Scenario Two: You’ve hired a new copywriter and you want to see if their new blogging activities are affecting purchases.
Under Enhanced E-commerce, select Purchased an item. Depending on your product, it may be pertinent to set some revenue parameters per user. Then set up a condition under the Advanced options and filter users by the Landing Page to find out if they arrived at the site via a blog post before going on to make a purchase. If you’re happy with the figure, it might be time to give that new copywriter a pat on the back. Scrutinise those posts that worked particularly well – how were they promoted? Was the tone particularly persuasive? Did you include images? Video?
Advanced Segments for Lead Gen sites
Scenario One: You’re coming to the end of the first week of a month-long promotion and you want to review how the social media activity around the promotion has affected website traffic so far.
Based on the UTM data you entered when building your campaign initially, click the Traffic Sources option and complete the Campaign, Medium and Source fields to reveal granular data, say, from Facebook for your “June Madness” promotion. Should you wish to see how the campaign is performing as a whole, simply leave the Medium and Source fields blank.
Scenario Two: You’re curious to know how many times a user visits your site before they convert.
Your best bet is to set up three separate segments: The first to understand the proportion of users converting on the first visit; the next to see the proportion that convert on the second visit; and the third to find out how many users are visiting three times or more before converting.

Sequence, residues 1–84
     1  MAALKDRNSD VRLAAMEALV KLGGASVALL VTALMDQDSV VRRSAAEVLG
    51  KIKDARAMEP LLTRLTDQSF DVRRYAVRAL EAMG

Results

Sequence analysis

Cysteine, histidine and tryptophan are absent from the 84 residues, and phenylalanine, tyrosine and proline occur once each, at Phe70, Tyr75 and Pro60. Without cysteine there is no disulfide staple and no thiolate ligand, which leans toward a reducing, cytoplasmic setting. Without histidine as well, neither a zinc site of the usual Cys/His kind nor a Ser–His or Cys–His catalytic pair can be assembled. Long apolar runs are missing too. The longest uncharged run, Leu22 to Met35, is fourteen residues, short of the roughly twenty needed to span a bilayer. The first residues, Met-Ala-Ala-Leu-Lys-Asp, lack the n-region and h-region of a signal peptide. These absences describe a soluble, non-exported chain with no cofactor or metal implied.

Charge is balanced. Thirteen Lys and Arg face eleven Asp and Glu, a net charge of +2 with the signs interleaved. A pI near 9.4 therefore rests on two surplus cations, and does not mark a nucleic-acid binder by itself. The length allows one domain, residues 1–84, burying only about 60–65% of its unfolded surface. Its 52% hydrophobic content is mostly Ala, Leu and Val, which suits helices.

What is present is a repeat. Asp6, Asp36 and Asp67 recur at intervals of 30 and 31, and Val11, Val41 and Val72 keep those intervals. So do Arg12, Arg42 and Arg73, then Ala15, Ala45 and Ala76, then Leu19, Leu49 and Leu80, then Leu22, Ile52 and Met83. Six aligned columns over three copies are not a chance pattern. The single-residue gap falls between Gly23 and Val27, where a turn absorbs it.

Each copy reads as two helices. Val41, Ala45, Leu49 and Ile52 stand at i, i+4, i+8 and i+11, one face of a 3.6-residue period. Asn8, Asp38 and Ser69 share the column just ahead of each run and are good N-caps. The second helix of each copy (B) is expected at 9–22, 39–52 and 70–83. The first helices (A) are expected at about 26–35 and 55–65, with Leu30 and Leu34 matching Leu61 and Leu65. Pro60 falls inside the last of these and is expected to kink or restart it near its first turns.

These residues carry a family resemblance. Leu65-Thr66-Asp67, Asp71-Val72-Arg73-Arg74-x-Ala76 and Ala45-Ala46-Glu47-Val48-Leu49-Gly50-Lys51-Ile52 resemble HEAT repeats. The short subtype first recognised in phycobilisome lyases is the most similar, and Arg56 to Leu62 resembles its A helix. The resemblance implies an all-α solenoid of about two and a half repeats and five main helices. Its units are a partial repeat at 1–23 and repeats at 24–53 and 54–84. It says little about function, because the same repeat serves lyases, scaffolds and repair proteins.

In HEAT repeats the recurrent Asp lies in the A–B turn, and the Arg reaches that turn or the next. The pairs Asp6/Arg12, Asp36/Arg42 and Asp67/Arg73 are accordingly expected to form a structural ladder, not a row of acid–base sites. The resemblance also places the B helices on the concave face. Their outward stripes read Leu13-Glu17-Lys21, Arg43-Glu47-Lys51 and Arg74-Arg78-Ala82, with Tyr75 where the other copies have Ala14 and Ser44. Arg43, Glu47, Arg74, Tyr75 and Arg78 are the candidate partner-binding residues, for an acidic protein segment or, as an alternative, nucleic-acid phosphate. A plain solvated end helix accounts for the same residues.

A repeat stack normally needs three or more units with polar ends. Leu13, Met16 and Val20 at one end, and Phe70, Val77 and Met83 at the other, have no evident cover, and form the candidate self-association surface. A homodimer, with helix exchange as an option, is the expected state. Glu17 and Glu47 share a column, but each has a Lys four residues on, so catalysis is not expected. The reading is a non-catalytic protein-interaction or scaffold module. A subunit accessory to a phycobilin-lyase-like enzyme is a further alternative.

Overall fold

You’ll need to segment your users’ sessions according to single or multi-session conditions, and so under Advanced > Conditions include sessions filtered by Goal Completions (or select the goal number for contact form completions if you’ve got more than one goal set up… and you likely have) and set the value to greater than 0. Next, add an and condition and set your Count of Sessions to equals one. Repeat this process to create a segment for those converting on the second visit, ensuring Count of Sessions equals two. To segment those who converted on the third visit or more, select greater than two for the Count of Sessions.
Practice makes perfect
If you’re tackling advanced segments for the first time, all this can seem a little daunting. The good news is that the more you create, amend and tweak your advanced segments, the more tailored and therefore useful they’ll become. Segments can be edited at any time, and so if you create and apply a custom segment, and things don’t add up, simply retrace your steps until you see where you went wrong. They don’t strip out data like a filtered GA profile, so you’ll not lose anything by rejigging your criteria.
Segmenting website traffic you deem important will help reveal potential areas of weakness on your site. The better you understand your site’s weaknesses, the better chance you have of working to improve them.